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In Masonry we have "cardinal points" and "cardinal virtues." The Greeks had kradan, meaning, "swing on," and the Romans had cardo, meaning "hinge." The roots mean that on which a thing swings, or hinges, on which a thing depends or hangs, therefore anything that is of fundamental or pivotal, importance. A member of the Sacred College of the Roman Church is a Cardinal because of the importance of his office, which ranks next in dignity to that of the Pope. The cardinal points of the compass are those from which are determined all other points, north, east, south, west; the cardinal virtues are those which are fundamental to all other virtues.

- Source: 100 Words in Masonry


The North, West, East and South are so called from the Latin cardo, meaning a hinge, because they are the principal points of the compass on which all the others hinge or hang.

Each of them has a symbolic signification in Freemasonry which will be found under their respective heads. Doctor Brinton, in an interesting Treatise on the Symbolism and Mythology of the Red Race of America, has a chapter on the sacred number four; the only one he says, that has any prominence in the religious of the red race, and which he traces to the four cardinal points. The reason, he declares, is to be "found in the adoration of the cardinal points," and he attributes to this cause the prevalence of the cross as a symbol among the aborigines of America, the existence of which so surprised the early missionaries that they "were in doubt whether to ascribe the fact to the pious labors of Saint Thomas or the sacrilegious subtlety of Satan."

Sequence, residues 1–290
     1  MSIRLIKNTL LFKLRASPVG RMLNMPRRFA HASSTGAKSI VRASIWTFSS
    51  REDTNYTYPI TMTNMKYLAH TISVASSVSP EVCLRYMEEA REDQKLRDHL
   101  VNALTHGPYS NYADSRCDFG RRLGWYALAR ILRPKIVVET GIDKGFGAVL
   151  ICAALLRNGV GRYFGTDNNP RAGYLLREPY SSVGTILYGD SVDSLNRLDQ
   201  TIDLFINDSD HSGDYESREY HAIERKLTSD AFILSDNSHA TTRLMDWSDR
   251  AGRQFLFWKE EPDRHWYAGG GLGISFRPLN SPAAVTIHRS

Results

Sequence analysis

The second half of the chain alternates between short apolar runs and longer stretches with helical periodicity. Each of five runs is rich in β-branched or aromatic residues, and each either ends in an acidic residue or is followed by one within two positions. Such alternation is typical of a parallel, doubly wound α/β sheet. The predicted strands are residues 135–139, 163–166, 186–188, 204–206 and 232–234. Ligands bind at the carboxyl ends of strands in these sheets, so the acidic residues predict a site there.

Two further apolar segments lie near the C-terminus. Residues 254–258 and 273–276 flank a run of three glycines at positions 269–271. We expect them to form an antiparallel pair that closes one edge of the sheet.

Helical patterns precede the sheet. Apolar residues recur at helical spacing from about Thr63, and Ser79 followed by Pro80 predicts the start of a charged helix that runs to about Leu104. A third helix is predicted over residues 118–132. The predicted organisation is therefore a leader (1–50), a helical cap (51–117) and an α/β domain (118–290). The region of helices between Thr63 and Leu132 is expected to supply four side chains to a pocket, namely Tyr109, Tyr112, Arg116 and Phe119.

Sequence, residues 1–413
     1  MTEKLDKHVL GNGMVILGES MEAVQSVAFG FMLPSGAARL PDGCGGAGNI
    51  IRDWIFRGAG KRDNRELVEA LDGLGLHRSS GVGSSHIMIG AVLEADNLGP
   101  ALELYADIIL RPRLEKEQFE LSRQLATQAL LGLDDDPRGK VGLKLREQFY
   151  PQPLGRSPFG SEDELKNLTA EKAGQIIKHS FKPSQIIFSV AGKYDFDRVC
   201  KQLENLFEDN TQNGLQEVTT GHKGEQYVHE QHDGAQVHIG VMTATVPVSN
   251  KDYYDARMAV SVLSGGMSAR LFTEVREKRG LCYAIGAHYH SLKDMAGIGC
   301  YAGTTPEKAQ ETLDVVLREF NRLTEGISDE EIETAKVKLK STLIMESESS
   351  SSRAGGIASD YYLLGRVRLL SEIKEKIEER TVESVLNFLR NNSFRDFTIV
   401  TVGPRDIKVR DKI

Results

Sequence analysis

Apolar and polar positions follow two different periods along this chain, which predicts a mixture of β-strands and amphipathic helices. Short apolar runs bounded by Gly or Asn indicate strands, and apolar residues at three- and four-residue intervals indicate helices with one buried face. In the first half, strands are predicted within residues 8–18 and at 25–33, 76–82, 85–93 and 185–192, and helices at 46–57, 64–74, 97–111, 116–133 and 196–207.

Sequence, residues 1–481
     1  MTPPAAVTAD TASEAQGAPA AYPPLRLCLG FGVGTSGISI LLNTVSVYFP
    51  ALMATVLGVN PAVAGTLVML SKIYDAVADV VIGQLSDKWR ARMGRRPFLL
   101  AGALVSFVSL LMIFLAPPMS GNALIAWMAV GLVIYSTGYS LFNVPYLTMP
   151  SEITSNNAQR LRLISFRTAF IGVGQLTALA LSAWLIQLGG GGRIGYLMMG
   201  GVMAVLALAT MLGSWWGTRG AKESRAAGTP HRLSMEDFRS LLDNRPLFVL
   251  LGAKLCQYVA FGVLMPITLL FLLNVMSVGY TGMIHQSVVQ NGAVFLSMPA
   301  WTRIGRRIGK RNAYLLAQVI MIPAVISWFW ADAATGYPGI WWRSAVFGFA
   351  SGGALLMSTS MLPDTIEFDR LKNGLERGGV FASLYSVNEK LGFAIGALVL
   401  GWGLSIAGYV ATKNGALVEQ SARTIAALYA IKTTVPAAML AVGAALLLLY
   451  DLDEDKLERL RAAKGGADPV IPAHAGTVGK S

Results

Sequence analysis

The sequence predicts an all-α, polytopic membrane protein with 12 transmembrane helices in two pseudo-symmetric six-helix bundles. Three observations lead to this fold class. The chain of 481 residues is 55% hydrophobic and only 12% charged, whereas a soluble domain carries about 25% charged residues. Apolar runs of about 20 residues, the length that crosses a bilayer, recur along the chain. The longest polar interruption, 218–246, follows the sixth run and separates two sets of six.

The arms of the cross referred to the cardinal points, and represented the four winds, the bringers of rain. The theory is an interesting one, and the author supports it with many ingenious illustrations. In the symbolism of Freemasonry each of the cardinal points has a mystical meaning. The East represents Wisdom ; the west, Strength; the South, Beauty and the North, Darkness.

- Source: Mackey's Encyclopedia of Freemasonry


The pre-eminent or principal virtues on which all the others hinge or depend.

They are temperance, fortitude, prudence, and justice.

They are referred to in the ritual of the Entered Apprentice Degree, and will be found in this work under their respective heads. Oliver says (Revelations of a Square, chapter 1) that in the eighteenth century the Freemasons delineated the symbols of the four cardinal virtues by an acute angle variously disposed.

Thus, suppose you face the east, the angle symbolizing temperance will point to the south. It was called a Guttural.

Fortitude was denoted by a saltire, or Saint Andrew's Cross, X. This was the Pectoral.

The symbol of prudence was an acute angle pointing toward the southeast, and was denominated a Manual; and justice had its angle toward the north, and was called a Pedestal or Pedal.

The possession of cardinal virtues is no special distinction of Freemasons, for other societies have had them.

They are in evidence in the Christian church.

The fifteen cardinal virtues, in mosaic, in the dome of Ascension of Saint Mark's at Venice is a famous example.

- Source: Mackey's Encyclopedia of Freemasonry

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